Based in Dubai, United Arab Emirates, The Legal Compass is a blog by Erica Werneman Root. her posts focus on AI and other emerging technology.

The EU publishes draft AI Ethics Guidelines

The EU publishes draft AI Ethics Guidelines

All blog posts are my personal musings and opinions. They are not intended as legal advice.


On 18 December 2018, the European Commission’s high-level expert group on artificial intelligence (the “AI HLEG”) published their draft ethics guidelines setting out the European position on trustworthy AI (the “Guidelines”) The Guidelines are currently open for stakeholder consultation and a final version will be published in March 2019. Click here for the full report.

The Guidelines recognise the transformative and beneficial potential of AI but also cautions against the risks of improper use.

Recently I’ve seen quite a lot of official documents from various watch-groups and government organisations that frequently publish documents listing core values and principles of AI but they have, in my view, lacked both depth and substance by taking a very shallow approach of some of the most important theoretical questions of our time. They have also frequently been devoid of any practical application in the real world. Not so with the new Guidelines. This new document seeks to stress both the fundamental principles that should govern ethical use of AI and, crucially, it also provides a roadmap for implementation. At this stage, the Guidelines are not mandatory but companies can opt to implement the principles on a voluntary basis. Doing so would be a smart move in my opinion.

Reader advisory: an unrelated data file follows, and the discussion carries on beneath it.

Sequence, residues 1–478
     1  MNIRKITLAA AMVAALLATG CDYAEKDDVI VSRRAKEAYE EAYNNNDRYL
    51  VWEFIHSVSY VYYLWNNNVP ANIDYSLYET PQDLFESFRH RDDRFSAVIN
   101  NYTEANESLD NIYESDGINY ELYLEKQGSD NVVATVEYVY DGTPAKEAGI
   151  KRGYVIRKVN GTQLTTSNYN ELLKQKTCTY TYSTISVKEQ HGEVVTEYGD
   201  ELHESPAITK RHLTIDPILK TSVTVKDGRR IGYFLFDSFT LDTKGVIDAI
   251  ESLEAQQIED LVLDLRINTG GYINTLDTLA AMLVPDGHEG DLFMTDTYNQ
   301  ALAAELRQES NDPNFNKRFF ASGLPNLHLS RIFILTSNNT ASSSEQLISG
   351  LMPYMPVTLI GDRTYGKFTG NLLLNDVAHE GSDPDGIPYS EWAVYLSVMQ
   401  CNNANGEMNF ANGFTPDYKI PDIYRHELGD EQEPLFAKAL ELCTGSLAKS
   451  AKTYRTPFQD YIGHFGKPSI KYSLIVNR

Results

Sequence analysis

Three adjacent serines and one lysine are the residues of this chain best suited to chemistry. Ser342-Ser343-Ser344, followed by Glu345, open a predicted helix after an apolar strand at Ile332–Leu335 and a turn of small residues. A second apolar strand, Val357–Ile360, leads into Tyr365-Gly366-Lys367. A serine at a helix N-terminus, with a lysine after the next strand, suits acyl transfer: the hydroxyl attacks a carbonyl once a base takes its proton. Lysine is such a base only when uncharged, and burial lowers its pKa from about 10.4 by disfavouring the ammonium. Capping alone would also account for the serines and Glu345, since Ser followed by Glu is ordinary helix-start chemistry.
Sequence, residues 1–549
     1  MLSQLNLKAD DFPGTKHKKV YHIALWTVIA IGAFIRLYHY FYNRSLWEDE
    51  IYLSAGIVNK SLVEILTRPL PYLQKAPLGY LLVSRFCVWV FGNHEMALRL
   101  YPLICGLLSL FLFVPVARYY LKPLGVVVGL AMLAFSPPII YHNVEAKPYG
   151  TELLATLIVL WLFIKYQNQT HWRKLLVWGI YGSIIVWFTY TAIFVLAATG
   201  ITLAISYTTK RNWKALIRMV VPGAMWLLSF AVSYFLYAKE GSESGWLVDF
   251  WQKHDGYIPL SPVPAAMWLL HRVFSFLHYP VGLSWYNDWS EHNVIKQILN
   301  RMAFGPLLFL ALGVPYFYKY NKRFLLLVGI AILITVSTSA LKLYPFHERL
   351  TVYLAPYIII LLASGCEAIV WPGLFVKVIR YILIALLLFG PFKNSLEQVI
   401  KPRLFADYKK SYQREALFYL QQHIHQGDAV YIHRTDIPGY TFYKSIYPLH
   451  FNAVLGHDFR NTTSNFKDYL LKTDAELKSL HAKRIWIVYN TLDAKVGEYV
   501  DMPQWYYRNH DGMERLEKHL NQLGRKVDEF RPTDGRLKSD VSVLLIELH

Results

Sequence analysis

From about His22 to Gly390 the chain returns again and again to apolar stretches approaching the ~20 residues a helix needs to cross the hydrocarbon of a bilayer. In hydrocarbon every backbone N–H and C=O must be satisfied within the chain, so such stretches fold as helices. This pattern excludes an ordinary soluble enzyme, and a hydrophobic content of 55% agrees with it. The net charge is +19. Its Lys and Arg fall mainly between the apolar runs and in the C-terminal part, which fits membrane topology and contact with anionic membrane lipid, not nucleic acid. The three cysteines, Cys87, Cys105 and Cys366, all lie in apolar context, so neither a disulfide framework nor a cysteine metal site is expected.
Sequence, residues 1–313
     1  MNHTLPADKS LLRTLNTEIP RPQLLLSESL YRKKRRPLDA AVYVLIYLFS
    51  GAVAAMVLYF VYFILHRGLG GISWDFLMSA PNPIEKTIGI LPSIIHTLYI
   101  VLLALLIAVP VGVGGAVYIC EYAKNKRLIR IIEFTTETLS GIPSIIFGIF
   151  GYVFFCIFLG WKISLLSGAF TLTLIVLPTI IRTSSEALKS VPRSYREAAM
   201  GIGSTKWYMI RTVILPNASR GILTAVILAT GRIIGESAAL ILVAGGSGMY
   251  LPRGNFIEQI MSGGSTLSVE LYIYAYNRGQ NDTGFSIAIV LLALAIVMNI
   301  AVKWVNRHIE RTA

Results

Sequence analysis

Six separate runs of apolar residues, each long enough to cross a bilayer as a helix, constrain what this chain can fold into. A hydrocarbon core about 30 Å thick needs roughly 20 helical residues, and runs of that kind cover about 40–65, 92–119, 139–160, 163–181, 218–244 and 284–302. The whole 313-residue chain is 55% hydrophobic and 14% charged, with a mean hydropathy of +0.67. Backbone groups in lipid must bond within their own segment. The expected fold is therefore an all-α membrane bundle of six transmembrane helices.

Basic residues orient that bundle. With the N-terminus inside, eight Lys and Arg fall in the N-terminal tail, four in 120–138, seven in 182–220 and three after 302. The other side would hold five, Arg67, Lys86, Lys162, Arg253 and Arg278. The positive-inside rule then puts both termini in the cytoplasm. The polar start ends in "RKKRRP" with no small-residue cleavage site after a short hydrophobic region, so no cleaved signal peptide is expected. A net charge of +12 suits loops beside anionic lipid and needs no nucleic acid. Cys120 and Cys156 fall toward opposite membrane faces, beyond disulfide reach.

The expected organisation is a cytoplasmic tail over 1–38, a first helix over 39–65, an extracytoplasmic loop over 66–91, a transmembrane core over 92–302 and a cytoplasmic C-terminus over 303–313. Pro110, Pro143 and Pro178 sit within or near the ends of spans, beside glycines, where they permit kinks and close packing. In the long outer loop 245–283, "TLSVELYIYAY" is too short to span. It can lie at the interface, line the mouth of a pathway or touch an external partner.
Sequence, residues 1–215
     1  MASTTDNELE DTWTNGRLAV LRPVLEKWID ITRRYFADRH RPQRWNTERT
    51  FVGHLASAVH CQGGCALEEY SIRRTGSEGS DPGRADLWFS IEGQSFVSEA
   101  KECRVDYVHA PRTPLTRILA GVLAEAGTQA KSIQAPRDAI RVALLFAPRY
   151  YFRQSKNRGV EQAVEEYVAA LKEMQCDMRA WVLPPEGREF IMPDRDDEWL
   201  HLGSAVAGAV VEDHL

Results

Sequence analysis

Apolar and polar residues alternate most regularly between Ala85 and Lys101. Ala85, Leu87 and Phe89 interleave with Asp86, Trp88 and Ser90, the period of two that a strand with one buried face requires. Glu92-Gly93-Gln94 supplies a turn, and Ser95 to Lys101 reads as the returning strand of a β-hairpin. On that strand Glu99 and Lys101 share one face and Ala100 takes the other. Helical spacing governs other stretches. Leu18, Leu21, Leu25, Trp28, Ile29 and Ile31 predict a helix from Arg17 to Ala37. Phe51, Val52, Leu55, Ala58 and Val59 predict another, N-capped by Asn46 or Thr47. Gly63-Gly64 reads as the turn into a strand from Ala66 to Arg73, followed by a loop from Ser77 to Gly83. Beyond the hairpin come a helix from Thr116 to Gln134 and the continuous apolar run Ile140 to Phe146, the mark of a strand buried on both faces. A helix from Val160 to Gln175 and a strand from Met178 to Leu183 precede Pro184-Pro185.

In an effort to keep this post to a manageable size, I’ve only provided a very high level overview of the new Guidelines below. The guidelines are a significant step and I intend to go over the salient features in more depth in the coming posts.

Speedread the Guidelines

The Guidelines set out the European approach to trustworthy AI by providing a roadmap to maximise the benefits of AI while minimising its risks. The approach adopted by the the AU HLEG includes two major components:

  1. Ethical Purpose - A respect of fundamental rights, applicable regulation, core principles and values; and